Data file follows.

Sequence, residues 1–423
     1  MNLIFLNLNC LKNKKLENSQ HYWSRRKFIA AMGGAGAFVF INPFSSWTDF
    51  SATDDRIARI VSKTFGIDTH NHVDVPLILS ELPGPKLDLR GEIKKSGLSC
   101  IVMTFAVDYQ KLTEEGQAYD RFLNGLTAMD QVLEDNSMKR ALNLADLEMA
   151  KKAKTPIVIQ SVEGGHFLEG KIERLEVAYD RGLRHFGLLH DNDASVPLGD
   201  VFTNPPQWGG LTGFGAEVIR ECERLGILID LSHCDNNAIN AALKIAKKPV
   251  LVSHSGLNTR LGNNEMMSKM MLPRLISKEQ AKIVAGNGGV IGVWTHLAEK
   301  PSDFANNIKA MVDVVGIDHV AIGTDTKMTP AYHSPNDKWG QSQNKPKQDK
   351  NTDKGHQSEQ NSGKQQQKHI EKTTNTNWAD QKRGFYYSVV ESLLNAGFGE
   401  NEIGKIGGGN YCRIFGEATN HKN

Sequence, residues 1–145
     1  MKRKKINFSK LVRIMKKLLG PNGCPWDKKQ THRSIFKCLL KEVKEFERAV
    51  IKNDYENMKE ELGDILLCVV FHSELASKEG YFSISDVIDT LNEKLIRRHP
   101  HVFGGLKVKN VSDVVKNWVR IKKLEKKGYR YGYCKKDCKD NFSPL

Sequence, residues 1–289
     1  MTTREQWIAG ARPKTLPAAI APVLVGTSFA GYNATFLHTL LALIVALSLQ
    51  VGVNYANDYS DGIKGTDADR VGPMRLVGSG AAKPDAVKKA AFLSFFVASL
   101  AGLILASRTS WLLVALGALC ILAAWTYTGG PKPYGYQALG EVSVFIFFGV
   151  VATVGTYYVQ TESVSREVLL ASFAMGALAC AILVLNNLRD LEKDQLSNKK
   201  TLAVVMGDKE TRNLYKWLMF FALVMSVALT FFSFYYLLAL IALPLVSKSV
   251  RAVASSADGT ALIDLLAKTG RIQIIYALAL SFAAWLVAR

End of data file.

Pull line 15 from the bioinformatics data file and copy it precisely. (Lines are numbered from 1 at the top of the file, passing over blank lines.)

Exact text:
Sequence, residues 1–289